”The principle of eﬀective occupation stated that powers could acquire rights over colonial lands if they possessed them or had ”eﬀective occupation”, in other words, if they had treaties with local leaders, if they ﬂew their ﬂag there, and if they established and administration in the territory to govern it with a police force to keep order”.
The Berlin Conference of 1884- 1885, otherwise known as Congo Conference or West Africa Conference stamp the seal of the European colonisation and trading in Africa. The Conference produced the General Act of the Berlin Conference which formalised the scramble for Africa. The primary aim of the conference was to end slave trade. But suﬃce it to say, that before European colonisation of Africa, there was even colonisation o f Africa by Africans . This conference brought the international prohibition of the slave trade and also introduced the ‘Principle of Effective Occupation’ which stated that the European powers could acquire rights over colonial lands only if they possessed them or had effective occupation such as signing treaties with the local chiefs, flying their flag or establish an administration in the territory to govern it with a police force to keep order.
The colour coded map of Africa taken from 1917 atlas showing what each European power owns. The partitioning was arbitrarily decided international prohibition of the slave trade and also introduced the ‘Principle of Effective Occupation’ which stated that the European powers could acquire rights over colonial lands only if they possessed them or had effective occupation such as signing treaties with the local chiefs, flying their flag or establish an administration in the territory to govern it with a police force to keep order.
The colour coded map of Africa taken from 1917 atlas showing what each European power owns. The partitioning was arbitrarily decided by colonialists, not based on existing tribal or geographical boundaries. (St Johns UK library online study site). This became important for acquisition of territories and for limiting their powers of overseas possessions. However, this principle was heavily contested between Germany, Britain and France, giving room for them to conquer Africa without doing much to administer or control it. The Portuguese government presented a project known as the ”Pink Map” in which the colonies of Angola and Mozambique were united by co-option of the intervening territory which later became Zambia, Zimbabwe and Malawi.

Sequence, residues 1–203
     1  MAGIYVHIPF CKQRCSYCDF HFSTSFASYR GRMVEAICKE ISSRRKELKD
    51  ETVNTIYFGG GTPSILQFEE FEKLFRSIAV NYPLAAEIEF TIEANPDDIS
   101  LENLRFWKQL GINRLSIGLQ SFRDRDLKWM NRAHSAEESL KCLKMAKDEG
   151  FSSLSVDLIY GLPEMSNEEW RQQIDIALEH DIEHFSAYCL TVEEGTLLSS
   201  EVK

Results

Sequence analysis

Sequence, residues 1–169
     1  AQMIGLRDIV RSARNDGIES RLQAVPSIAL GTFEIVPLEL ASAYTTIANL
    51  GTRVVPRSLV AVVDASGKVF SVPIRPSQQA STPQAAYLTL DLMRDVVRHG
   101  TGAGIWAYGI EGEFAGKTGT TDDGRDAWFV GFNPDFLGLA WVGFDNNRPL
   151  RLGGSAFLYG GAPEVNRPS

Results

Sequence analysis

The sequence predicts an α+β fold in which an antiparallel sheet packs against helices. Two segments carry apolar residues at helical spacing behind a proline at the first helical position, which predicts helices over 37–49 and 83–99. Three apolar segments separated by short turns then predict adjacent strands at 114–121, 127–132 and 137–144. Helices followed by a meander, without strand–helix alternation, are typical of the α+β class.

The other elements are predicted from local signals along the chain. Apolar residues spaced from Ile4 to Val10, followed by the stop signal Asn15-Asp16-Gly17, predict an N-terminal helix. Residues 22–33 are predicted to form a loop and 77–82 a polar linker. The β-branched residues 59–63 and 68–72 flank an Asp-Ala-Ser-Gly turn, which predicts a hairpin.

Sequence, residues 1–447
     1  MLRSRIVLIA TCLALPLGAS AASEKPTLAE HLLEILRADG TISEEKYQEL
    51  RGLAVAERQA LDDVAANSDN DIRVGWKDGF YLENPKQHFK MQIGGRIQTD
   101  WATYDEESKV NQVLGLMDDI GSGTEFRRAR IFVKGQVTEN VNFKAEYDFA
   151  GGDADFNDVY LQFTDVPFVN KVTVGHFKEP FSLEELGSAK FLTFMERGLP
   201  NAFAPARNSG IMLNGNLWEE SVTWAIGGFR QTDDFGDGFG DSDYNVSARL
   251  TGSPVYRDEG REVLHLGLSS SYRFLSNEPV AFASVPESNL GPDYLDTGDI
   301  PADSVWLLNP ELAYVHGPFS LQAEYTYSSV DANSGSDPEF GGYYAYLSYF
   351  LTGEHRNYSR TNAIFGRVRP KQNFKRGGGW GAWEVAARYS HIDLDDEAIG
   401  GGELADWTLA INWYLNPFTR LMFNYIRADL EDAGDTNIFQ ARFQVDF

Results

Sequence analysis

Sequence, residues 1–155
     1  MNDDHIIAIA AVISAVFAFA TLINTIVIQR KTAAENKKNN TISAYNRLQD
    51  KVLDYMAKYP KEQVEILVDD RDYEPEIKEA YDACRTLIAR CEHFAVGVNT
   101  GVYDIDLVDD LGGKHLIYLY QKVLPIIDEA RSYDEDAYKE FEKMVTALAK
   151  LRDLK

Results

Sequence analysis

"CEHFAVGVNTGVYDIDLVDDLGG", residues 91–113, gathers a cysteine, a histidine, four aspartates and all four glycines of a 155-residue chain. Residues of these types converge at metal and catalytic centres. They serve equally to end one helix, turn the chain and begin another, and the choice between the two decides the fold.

The colonisation was not only the whites colonising Africans, there was the colonisation of Africa by Africans long before the whites colonisation. For instance in 16th century, the Oyo Empire colonised many states, towns and cities including Dahomey Republic known as Benin Republic today. Also the colony and protectorates were captured independently after capturing towns, cities and villages that they were all put together to form province, colony and protectorates that were later amalgamated.
Both the Northern and the Southern parts of today Nigeria were victims of colonisation. Before this time the two sections had been two political entities with numerous diversities. The Southern Protectorate, the Northern Protectorate and the Colony of Lagos all had their own separate styles of government. This regional structure meant different laws were applicable in the Protectorates and in the Colony of Lagos. Before amalgamation and in1862, Lagos Island annex became a colony of Britain with Mr H.S. Freeman as the governor. In 1893 the Oil River protectorate was renamed Niger Coast Protectorate with capital at Calabar.
In 1890 a British reporter (Flora Shaw) who later married Lord Lugard suggested that the country be named Nigeria, after the Niger River. Then in 1897, British overthrew Oba Oronkawen of Benin, one of the last independent West African kings. In 1900, Niger Coast formerly Oil river protectorate was merged with the colony of Lagos and the protectorate of Lagos was named the protectorate of Southern Nigeria. The Yorubas and Igbos and close to over 200 other ethnic groups were of different ethnic groups having different cultural norms and values. These were merged into the southern protectorate by the British in their own understanding and discretion to form the southern protectorate. The merging of the Niger Coast and Lagos Colony was a clear merger of different culture and value with each tolerating and living harmoniously.
Furthermore, in 1885 the Niger District Protectorate was under African company and the Niger Delta protectorate was under royal Niger Company. In 1990, both protectorates were added to some part of Niger territory to form the northern protectorate. When the British took over the northern protectorate from the royal Niger Company, they divided the area into provinces of Bauchi, Bida, Bornu, Kabba, Kotangora, Lower Benue, Ilorin, Muri, Sokoto, Upper Berma, and Zaria. This number increased as more provinces were captured. Worthy of note is the fact that the colonisation of Nigeria was strictly for business purpose and was carried out by companies like Royal Niger Company, African company working with countries to sell their products, owning lands and claiming ownership over towns and people after they were captured and deciding their use as deemed fit.